Who else thinks the UK can handle a one day race now?

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Mar 10, 2009
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Swifty's Cakes said:
Going to be 1.1 on its first edition. Money talks eh?
Seems so. The initial course description is very vague. Let's hope that it's not too much like the Olympic course and they use all of the Downs escarpment from west to east or vice versa. I seriously hope that they drop the endless circuit idea but the picture of tens of thousands watching a 1.1 London criterium will make the UCI/promoters salivate like crazy. Shame that there's nobody with the balls to stand up and design a great course.
 
Jun 11, 2011
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where did those brits find balls big enough to call their race a Classic before it has ever been raced?
I sure hope it doesn't get 1.1, that needs to be earned, especially now days when pro tour teams have to show up to stay in the pro tour, stupid and bad for cycling.
just retire Pat
 
CobbleStoner said:
where did those brits find balls big enough to call their race a Classic before it has ever been raced?
I sure hope it doesn't get 1.1, that needs to be earned, especially now days when pro tour teams have to show up to stay in the pro tour, stupid and bad for cycling.
just retire Pat
With the exception of the Clasica San Sebastián, a general rule of thumb is that if the race has the name "Classic" in the title, it isn't one.
 
Apr 28, 2010
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1.1 is the lowest level at which Protour teams would even be allowed to compete - it's equivalent to 1.4 in old (pre 2005) parlance.

The UK already has a 1.2 race - the Rutland-Melton Classic.
 
Sep 9, 2009
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Libertine Seguros said:
With the exception of the Clasica San Sebastián, a general rule of thumb is that if the race has the name "Classic" in the title, it isn't one.
More worthy of comment on that post was the misunderstanding of the term 1.1
 
Waterloo Sunrise said:
More worthy of comment on that post was the misunderstanding of the term 1.1
A fair point.

.1 is probably right for this projected race. WT teams there, but enables them to pad the field out with ProConti and Conti teams if they can't fill it out with all the WT guys, and allows the British domestic teams to participate, and help set the race apart with some local flavour.
 
Libertine Seguros said:
With the exception of the Clasica San Sebastián, a general rule of thumb is that if the race has the name "Classic" in the title, it isn't one.
I don't think Sebastion is an exception. :)

Cannot wait for the Limey Classic. 220kms, dead flat, designed for Chavendish, with a special rule disallowing Kazakhs.
 
May 31, 2010
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Cult Classics said:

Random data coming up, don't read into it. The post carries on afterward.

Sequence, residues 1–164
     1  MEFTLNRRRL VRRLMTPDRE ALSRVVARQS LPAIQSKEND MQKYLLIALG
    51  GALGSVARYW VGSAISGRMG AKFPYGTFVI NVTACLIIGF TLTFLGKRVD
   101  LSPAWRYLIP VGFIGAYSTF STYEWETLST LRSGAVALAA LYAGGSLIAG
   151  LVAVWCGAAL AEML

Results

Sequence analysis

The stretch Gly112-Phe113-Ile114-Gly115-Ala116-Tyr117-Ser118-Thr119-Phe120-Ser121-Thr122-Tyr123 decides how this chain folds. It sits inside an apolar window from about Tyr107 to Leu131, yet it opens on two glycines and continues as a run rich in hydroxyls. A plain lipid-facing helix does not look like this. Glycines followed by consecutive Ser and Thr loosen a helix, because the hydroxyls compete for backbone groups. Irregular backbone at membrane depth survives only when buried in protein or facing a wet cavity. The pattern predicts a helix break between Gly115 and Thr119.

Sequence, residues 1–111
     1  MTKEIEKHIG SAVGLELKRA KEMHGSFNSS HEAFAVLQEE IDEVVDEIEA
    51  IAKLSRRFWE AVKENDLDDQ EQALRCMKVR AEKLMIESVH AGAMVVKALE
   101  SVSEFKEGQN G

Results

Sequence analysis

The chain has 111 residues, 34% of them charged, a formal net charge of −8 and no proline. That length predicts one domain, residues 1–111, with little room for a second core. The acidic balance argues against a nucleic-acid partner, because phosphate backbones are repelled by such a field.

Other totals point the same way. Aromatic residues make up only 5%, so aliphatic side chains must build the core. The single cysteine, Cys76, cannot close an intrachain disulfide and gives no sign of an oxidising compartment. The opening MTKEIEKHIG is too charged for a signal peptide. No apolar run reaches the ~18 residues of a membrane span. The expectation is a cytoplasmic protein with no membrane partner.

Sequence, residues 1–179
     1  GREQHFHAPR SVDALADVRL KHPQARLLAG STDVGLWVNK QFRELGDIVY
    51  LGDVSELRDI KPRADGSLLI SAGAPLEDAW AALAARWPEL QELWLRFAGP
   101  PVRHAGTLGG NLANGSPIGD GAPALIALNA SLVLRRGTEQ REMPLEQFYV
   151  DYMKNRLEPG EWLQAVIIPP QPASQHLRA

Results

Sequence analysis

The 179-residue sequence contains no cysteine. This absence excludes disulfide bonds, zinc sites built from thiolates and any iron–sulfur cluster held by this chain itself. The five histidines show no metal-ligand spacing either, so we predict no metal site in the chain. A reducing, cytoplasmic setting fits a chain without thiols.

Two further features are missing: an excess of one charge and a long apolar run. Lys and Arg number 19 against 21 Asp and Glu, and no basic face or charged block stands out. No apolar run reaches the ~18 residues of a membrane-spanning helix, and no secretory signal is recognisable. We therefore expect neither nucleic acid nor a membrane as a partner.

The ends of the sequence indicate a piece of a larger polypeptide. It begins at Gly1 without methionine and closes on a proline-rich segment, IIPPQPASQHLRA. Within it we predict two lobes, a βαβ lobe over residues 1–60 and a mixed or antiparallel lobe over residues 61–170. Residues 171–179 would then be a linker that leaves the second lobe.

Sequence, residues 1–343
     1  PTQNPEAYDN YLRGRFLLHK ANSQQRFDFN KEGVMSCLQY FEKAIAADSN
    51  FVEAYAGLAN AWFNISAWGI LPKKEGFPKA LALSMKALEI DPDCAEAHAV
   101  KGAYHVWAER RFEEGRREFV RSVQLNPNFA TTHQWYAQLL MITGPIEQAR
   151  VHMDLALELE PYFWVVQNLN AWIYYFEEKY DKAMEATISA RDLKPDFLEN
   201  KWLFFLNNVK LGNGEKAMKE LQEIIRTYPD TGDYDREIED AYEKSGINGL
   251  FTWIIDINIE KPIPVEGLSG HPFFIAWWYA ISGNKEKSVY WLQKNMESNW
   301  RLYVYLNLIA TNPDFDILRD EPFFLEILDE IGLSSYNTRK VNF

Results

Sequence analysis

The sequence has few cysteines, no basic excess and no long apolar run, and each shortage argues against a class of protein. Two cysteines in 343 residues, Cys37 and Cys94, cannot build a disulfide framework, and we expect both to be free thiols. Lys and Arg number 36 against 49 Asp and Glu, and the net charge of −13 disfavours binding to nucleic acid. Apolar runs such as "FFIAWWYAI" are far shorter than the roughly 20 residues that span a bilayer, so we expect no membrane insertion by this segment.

The Leeds/Brighton/Rochester classic died a death in the mid 90s and the world cup race went to Hamburg instead, mostly because nobody cared. But the crowds yesterday were unlike anything I've ever seen in a bike race before, and given the wave of cycling euphoria now I think the UK could handle a single day race every year.
it wasn't that "nobody cared" it was because ulrich won the tour and interest in cycing in germany peaked. they paid handsomely for the UCI to switch the classic from the UK to germany. if you ever watch a video of the leeds classic you will see big crowds.

as for having it in london - understandable but what a crap idea. busy roads will be closed which will have taxi drivers, etc moaning and hating cycling even more. the terrain in the south of england is the most bland cycling country anywhere. it is expensive to hold it in london - but the mayor's office is footing some of the bill i believe.
if it is in london it won't last long. the olympic RR was boring, and so will this be. if they want a real world standard race they need to look at reviving the leeds classic. open country, difficult climbs, knowledgeable fans, enthusiasm, etc. not found in london or the south.
 
May 31, 2010
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Libertine Seguros said:


That's the profile of the 2005 Leeds-Sheffield stage. At 150km or so it's not long enough to be a classic, but add a run-in either as a Sheffield-Leeds-Sheffield, or going to Leeds from York or Manchester, and maybe a circuit or two at the end to make the final climbs a bit further from the finish (plus the finishing circuit would inevitably be bumpy).

There, you've got an interesting parcours, a few climbs but solid classics men will still be there at the finish (that stage was won by Luca Paolini, but Russell Downing was 3rd and a very young Geraint Thomas made the top 10). Extend it out with those options to 200-210km and you're linking big cities that mean you should be able to attract a pretty good crowd.